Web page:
• Amy Romanin stands, center, in front of Christmas tree with her son, daughter and husband

The Story I Don’t Share but Should

  • Guest Blogger
  • 01.10.19

When getting to know my family, the first thing people notice is that my daughter is adopted and that my kids are six months apart.  Naturally, there are questions, and yes! We are that family that you hear about that tried to have children on their own, couldn’t, then decided to adopt and then poof!  (as if it were that easy) I got pregnant. People snicker with a kind heart, and say, I know a family like that or I bet it happened because you stopped stressing over it.  I usually just smile and agree, not wanting to share my whole story and make people feel uncomfortable, but really, I should share my story.  The story about what happened before these two beautiful souls entered our lives. My story that could save lives.

Newly married at the age of 25 in 1999, moving to a different state, buying our first home, and starting a new job as a Pediatric Intensive Care nurse at Mayo Clinic, you could say I was going through some changes.  But finding out I was pregnant, in a patient’s room (who was gravely ill BTW) was the biggest change to end that calendar year. Overall, my pregnancy was what most clinicians would say was typical, but really pregnancy is not typical.  Can I get an AMEN!?!?! It is an exhilarating, scary, fantastic roller coaster ride, with puking and screaming, and crying tears of joy, and yelling “I want to get off this *&% ride!!!!!” All worth it in the end when you get to hold your precious baby and take them home, at least for most women.

My due date came and went, my bag was packed, the nursery done, I was anxious!!  And big!!! And ready to be done. All the time thinking about what needed to be finished, or cleaned, or organized, and not thinking about what my baby was doing.  When I realized he hadn’t been moving, I would poke at my abdomen, drink cold water, not thinking that I should go in and get checked. Now, being a healthcare provider, I am not proud of the fact that it took me some time to get myself to go in. Thinking I was just an overly cautious, first-time mother-to-be, some would even say paranoid.  But that sense that something was wrong was growing fast, and as much as I didn’t want to listen to it, it was getting louder and louder…

I go to the hospital and they tell me we will just take a listen … silence. Let’s get an ultrasound, silence …  Let’s get someone in here to double check.  And then reality strikes, it’s too late.  I’m so sorry

Being told I had to go through labor, not having my epidural work, finding out I’m allergic to penicillin the hard way, was nothing compared to the emotional pain it carried.  Every time my husband called a family member, it was gut-wrenching to hear their reaction for the first time. Every time a healthcare worker came into my room, the look of pure solemn and grief on their faces knowing they drew the short straw today was unbearable.  And finally, every time an hour went by, I was hoping, praying, that they were wrong, that I would hear a heartbeat, or feel a little kick. I made deals with God, if only you give him back to me, I’ll be a better person. I was angry — I did everything right, and I don’t get to take my son home!!!  But alas, the moment came, he was born, and the silence was maddening …. Just silence.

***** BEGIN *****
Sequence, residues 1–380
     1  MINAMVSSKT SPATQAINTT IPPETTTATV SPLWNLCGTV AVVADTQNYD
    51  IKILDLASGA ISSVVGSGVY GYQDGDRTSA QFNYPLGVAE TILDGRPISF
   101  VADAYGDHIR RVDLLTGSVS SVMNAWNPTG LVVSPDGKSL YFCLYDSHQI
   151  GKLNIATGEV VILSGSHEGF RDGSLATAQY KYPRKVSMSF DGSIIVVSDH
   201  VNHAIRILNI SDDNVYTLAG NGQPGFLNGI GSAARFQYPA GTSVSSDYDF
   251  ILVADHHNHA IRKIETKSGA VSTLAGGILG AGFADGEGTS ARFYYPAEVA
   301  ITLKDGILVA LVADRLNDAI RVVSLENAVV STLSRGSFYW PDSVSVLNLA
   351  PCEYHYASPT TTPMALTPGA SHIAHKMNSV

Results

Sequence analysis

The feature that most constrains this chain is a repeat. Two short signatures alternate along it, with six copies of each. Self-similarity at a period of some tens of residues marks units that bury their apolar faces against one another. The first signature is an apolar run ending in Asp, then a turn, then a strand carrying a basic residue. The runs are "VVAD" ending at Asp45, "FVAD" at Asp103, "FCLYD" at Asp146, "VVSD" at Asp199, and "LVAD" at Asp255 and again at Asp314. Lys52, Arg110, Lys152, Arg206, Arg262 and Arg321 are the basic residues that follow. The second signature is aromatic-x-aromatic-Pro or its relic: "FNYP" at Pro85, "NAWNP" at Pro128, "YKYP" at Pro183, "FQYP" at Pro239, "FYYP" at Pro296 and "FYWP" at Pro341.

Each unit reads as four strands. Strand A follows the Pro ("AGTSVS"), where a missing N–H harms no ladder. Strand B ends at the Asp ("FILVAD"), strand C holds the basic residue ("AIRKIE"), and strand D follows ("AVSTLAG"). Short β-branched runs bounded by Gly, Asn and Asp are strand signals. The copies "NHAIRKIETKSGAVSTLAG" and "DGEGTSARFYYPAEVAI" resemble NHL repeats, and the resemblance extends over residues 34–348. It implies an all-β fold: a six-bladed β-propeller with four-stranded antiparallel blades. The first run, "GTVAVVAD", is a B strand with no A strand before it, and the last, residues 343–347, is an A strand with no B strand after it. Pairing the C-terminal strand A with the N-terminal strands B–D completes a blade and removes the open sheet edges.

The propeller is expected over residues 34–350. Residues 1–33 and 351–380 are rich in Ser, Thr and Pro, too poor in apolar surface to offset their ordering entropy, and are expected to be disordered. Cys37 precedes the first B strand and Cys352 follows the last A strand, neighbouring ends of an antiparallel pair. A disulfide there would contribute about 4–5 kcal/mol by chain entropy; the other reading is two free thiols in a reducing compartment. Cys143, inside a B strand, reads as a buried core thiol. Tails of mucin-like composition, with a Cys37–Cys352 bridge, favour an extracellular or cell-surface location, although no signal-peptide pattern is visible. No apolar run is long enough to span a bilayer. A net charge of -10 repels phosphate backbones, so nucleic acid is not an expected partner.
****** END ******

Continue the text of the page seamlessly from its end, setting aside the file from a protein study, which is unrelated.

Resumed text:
The what ifs are endless and crushing, but as time goes by (Charlie would have been 19 this year) the pain softens.  You never forget, but it doesn’t consume you anymore. After going through my own grief, I really wanted to help others.  I would get connected with other women who had gone through a similar experience, and it was helpful for both. But perhaps, if I can help prevent other women from going through this, that is the key.  That is what heals you and makes this life we all share eventful and worthwhile. So when I heard about Count the Kicks through Healthy Birth Day, Inc. I knew I wanted to help.

Count the Kicks is a public health campaign to prevent stillbirth by tracking babies’ movements in the third trimester of pregnancy. Research shows a change in fetal movement can be the earliest and sometimes only indication that a baby is in distress in utero. More than 24,000 pregnancies end in stillbirth every year in the U.S., according to the CDC. If my story makes others uncomfortable in order to save other women from going through this, then it’s worth it.

What I like about the Count the Kicks app is that it gives parents-to-be the ability to download and send kick counting data directly from the app and is available in 12 languages. It is completely free, available at iTunes and Google Play online app stores, and has been downloaded 125,000 times in all 50 states and 140 countries. What’s most impressive are the stories of babies saved because moms used the app to track their babies’ movements in the third trimester.

Here’s a quote from a success story. “We saved her life by using the app and coming in. We are extremely thankful that the app exists and that Ruby is here with us. I can’t say thank you enough, because she is alive,” said Emily Eekhoff, who used the Count the Kicks app to track her baby’s movements, and ultimately help save her baby in 2017.

The what-ifs came naturally back, what if I had this technology, would he be here?   But instead of thinking about the what-ifs to my impossible question, now it’s what if all pregnant women had this app and used it, would stillbirths be a thing of the past???  What a happy ending to my story it would be!!! I’m hopeful that nineteen years later, being a Count the Kicks volunteer, I can help spread this important education to as many expectant parents as I can to make sure their birth stories end happily   Thank you.

By Amy Romanin, RN, community volunteer, wife to Matthew, and mother to Charlie, Lily & Jack



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